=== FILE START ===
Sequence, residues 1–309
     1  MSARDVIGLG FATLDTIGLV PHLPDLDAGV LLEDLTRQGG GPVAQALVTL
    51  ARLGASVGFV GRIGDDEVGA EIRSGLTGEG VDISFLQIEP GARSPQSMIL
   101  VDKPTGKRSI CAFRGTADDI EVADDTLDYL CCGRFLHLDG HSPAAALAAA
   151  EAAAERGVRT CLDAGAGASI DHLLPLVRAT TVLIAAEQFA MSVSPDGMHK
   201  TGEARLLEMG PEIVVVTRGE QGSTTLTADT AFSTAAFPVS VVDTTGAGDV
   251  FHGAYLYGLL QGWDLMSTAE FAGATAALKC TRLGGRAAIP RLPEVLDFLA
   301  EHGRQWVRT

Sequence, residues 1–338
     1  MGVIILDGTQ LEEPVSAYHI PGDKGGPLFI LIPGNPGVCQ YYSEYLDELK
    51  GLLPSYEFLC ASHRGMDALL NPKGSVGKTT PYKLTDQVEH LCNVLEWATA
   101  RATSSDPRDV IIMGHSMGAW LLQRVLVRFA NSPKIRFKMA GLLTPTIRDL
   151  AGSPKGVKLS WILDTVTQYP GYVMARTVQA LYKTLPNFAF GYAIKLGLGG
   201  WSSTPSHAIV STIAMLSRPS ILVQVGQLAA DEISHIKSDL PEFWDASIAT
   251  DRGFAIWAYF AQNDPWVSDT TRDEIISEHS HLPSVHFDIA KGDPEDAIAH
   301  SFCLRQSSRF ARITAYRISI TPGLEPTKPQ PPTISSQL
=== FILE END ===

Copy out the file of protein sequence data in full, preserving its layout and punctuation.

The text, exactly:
Sequence, residues 1–309
     1  MSARDVIGLG FATLDTIGLV PHLPDLDAGV LLEDLTRQGG GPVAQALVTL
    51  ARLGASVGFV GRIGDDEVGA EIRSGLTGEG VDISFLQIEP GARSPQSMIL
   101  VDKPTGKRSI CAFRGTADDI EVADDTLDYL CCGRFLHLDG HSPAAALAAA
   151  EAAAERGVRT CLDAGAGASI DHLLPLVRAT TVLIAAEQFA MSVSPDGMHK
   201  TGEARLLEMG PEIVVVTRGE QGSTTLTADT AFSTAAFPVS VVDTTGAGDV
   251  FHGAYLYGLL QGWDLMSTAE FAGATAALKC TRLGGRAAIP RLPEVLDFLA
   301  EHGRQWVRT

Sequence, residues 1–338
     1  MGVIILDGTQ LEEPVSAYHI PGDKGGPLFI LIPGNPGVCQ YYSEYLDELK
    51  GLLPSYEFLC ASHRGMDALL NPKGSVGKTT PYKLTDQVEH LCNVLEWATA
   101  RATSSDPRDV IIMGHSMGAW LLQRVLVRFA NSPKIRFKMA GLLTPTIRDL
   151  AGSPKGVKLS WILDTVTQYP GYVMARTVQA LYKTLPNFAF GYAIKLGLGG
   201  WSSTPSHAIV STIAMLSRPS ILVQVGQLAA DEISHIKSDL PEFWDASIAT
   251  DRGFAIWAYF AQNDPWVSDT TRDEIISEHS HLPSVHFDIA KGDPEDAIAH
   301  SFCLRQSSRF ARITAYRISI TPGLEPTKPQ PPTISSQL